Prince Andrew’s legal team insists that the 2009 Epstein-Giuffre agreement could shield him from the civil sexual abuse lawsuit filed by the alleged abuse victim, who claims she was trafficked out to engage in intimate relations with the royal against her will when she was a minor under US laws.
Prince Andrew’s struggle to have the sex abuse civil lawsuit filed against him by an alleged Jeffrey Epstein victim thrown out continues, as a New York court on Monday unseals a confidential 2009 deal between the late tycoon and Virginia Giuffre (nee Roberts).
The defence team of the Duke of York believe the agreement the accuser struck with the convicted pedophile could shield him from a public trial.
In December, judges had ordered the unsealing of the settlement by 3 January unless there was “good cause” for it to remain secret. Epstein’s estate had earlier agreed to let the Duke of York review the agreement, but court approval was required.
Prince Andrew’s lawyer, Andrew Brettler, has claimed the deal provided “a general release of all claims against him and numerous other individuals and entities.”
“Because Prince Andrew is a senior member of the British royal family, he falls into one of the expressly identified categories of persons, i.e., royalty, released from liability under the Release Agreement, along with politicians, academicians, businessmen, and others allegedly associated with Epstein,” the lawyer Andrew B. wrote in a memo on 29 October.
He insisted that the Queen’s son was “axiomatically among the releasees.”
Virginia Giuffre, currently 38, filed a civil lawsuit against the Duke of York in September, alleging she was trafficked out by Jeffrey Epstein to have sex with the Queen’s son on three occasions when she was 17, and a minor according to US law. The first time was purportedly at the London townhouse of Ghislaine Maxwell, Epstein’s former lover and associate.
“Sophisticated predator” Maxwell was convicted in a New York courtroom on 29 December of recruiting and grooming underage girls, some as young as 14, for sexual encounters with the disgraced financier between 1994 and 2004. She was found guilty on five out of six charges and faces up to 65 years in jail.
The second time, in early 2001, was supposedly at Epstein’s New York mansion, and the third time was on the tycoon’s private island in the Caribbean. Giuffre is seeking unspecified damages.
Epstein, a former friend of the Duke of York, was convicted of sex offenses in 2008 and died in a Manhattan prison in 2019 while awaiting trial on sex trafficking charges.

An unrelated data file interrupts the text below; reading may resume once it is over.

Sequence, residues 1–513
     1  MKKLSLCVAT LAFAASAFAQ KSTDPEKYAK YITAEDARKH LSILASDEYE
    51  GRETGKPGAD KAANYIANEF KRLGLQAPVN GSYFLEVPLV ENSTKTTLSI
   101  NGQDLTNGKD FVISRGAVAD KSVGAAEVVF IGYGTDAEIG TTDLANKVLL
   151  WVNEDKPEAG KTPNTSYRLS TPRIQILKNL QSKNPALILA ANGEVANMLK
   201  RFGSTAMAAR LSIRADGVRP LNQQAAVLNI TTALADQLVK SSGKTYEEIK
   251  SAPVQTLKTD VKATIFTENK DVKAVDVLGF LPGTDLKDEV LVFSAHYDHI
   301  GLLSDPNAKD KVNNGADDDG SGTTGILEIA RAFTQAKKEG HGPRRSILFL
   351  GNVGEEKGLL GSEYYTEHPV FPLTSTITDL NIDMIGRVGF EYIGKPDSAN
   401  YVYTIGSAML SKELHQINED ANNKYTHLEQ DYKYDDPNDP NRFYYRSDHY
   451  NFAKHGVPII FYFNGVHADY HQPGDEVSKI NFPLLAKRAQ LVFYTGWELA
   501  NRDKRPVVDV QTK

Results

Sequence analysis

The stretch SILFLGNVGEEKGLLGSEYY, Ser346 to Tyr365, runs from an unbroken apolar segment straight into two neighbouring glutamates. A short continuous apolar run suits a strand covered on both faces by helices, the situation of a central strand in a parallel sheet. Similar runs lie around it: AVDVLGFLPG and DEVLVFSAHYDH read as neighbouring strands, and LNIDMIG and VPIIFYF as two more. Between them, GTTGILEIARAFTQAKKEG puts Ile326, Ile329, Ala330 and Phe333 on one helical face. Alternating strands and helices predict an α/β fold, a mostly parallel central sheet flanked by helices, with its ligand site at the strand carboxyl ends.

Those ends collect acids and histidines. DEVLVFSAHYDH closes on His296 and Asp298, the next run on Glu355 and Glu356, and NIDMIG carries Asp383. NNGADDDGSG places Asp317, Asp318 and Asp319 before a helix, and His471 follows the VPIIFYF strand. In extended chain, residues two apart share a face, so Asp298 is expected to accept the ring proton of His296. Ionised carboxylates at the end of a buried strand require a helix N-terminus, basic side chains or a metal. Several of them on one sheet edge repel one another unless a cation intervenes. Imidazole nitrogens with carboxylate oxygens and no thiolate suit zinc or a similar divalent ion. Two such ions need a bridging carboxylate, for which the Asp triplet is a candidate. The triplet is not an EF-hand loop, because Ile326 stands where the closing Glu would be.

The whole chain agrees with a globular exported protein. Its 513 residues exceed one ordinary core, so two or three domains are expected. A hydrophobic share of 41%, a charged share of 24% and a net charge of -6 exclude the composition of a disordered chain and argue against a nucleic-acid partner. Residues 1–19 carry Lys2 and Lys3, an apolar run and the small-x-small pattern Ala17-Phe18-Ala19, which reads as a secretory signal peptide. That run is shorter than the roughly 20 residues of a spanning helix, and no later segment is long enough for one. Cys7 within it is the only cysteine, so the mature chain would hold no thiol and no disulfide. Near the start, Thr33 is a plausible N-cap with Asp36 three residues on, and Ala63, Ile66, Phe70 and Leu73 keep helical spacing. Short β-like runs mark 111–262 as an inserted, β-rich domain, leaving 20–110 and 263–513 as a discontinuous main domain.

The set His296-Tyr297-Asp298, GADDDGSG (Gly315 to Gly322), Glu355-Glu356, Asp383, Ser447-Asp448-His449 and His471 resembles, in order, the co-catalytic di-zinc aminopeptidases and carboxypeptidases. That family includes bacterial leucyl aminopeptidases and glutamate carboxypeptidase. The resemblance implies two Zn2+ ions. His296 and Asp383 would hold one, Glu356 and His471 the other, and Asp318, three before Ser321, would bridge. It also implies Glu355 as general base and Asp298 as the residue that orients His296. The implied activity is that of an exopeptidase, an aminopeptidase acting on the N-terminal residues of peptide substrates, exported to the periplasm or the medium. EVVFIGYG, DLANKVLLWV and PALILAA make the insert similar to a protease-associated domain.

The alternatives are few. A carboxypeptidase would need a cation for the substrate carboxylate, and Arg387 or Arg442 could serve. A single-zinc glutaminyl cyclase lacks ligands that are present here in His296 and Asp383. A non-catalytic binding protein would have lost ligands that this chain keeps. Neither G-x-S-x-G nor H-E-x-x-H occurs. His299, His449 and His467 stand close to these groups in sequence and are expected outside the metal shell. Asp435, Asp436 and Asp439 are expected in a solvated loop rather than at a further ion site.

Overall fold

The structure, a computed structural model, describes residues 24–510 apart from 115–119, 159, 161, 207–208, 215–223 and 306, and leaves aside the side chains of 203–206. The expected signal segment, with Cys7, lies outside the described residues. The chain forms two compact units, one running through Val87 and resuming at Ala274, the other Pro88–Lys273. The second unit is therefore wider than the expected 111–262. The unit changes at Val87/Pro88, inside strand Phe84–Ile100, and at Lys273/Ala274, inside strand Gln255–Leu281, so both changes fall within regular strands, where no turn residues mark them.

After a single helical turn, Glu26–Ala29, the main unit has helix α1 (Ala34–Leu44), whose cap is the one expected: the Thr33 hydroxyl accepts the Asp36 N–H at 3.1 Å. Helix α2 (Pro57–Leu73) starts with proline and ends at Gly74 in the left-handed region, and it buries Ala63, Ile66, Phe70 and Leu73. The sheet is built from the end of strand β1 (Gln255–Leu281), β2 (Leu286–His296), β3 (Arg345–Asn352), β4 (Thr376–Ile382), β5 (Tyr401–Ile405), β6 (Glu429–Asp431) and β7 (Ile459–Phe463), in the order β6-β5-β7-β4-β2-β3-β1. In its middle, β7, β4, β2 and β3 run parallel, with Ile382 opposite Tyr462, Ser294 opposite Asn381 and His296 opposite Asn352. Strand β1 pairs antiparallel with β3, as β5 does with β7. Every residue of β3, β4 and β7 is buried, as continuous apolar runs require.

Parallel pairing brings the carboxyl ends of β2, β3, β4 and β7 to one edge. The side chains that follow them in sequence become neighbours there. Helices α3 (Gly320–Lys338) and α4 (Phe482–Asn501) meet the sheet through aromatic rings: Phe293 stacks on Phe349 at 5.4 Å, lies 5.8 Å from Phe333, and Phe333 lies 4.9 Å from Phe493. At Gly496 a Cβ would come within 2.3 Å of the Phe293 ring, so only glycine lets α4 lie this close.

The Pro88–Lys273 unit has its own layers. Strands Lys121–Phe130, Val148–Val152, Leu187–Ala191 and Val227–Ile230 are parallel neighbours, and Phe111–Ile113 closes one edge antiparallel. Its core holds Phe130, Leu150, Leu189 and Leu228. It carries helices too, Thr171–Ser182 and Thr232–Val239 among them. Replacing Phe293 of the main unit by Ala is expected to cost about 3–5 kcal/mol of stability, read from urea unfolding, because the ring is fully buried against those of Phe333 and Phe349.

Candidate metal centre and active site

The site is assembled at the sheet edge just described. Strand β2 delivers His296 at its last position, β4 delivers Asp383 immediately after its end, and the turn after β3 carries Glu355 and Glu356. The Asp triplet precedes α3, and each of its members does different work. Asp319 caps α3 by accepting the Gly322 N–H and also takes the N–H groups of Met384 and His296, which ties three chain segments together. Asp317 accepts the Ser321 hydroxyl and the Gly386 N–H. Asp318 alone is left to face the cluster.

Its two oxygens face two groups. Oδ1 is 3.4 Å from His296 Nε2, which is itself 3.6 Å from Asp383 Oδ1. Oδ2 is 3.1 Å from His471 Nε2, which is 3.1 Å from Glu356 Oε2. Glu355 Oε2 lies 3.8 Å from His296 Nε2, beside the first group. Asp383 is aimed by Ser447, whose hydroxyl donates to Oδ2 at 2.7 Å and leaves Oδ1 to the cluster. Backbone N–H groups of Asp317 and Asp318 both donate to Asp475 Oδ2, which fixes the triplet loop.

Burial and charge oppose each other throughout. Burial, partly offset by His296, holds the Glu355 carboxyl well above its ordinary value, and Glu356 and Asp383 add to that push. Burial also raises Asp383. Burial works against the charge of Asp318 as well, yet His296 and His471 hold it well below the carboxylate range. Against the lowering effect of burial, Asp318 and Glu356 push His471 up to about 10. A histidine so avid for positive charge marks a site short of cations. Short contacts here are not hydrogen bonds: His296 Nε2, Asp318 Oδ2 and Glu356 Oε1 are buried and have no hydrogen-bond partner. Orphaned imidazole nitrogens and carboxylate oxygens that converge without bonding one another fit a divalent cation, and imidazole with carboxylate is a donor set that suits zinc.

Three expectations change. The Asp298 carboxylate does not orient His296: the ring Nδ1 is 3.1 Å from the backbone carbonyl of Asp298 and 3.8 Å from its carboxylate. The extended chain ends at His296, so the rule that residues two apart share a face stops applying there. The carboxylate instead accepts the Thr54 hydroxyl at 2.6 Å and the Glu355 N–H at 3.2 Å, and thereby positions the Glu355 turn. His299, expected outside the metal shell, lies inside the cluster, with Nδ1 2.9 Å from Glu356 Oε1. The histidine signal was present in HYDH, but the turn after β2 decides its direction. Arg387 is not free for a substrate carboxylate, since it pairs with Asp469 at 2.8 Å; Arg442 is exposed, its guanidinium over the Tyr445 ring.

Prince Andrew has to date denied all allegations against him. The Duke told the BBC in an 2019 interview that he had “no recollection of ever meeting this lady, none whatsoever.”
The 2009 deal that is to be unsealed pertains to a Florida court filing made by Virginia Giuffre in relation to an Epstein case which did not involve Prince Andrew.
Epstein and his lawyers, including Harvard law professor Alan Dershowitz, who crafted that 2009 settlement deal, were possibly seeking to protect close associates of the hedge fund manager in the pages of his “little black book’,” according to a report published in Forbes.
After the unsealing of the deal, lawyers for Prince Andrew are reportedly set to argue to Judge Lewis A. Kaplan, at the US district court in Manhattan, that the agreement between Giuffre and Epstein absolves their client from liability. They have accused Giuffre for using the “baseless lawsuit against Prince Andrew to achieve another payday at his expense.” They have also claimed that the royal’s “sullied reputation” is fallout from the Epstein scandal.
Lawyers for Giuffre have been dismissing the attempt to use the 2009 settlement deal by the Duke of York’s legal team as yet another “in a series of tired attempts by Prince Andrew to duck and dodge the legal merits of the case.”
Giuffre’s lawyer, David Boies, insisted the clause in the settlement applied “at most” to people involved in underlying litigation in Florida and Prince Andrew should not use it as a “get out of jail free card.”
The unsealing of the deal comes ahead of a 4 January hearing in New York where lawyers for the British royal are expected to argue for a dismissal of Virginia Giuffre’s lawsuit, reported The Guardian.
In a recent setback for the royal, Judge Lewis A Kaplan rejected a motion by the royal’s attorneys to have the lawsuit dismissed on jurisdictional grounds as Giuffre no longer lives in the US. The defence, led by Andrew Brettler, argued that Virginia Giuffre has lived in Australia for all but two of the past 19 years.
Meanwhile, Giuffre’s lawyers are said to have been preparing to file evidence demands, including requesting that Prince Andrew provide medical proof that he is unable to sweat – a claim he made in his “car crash” Newsnight BBC interview in 2019.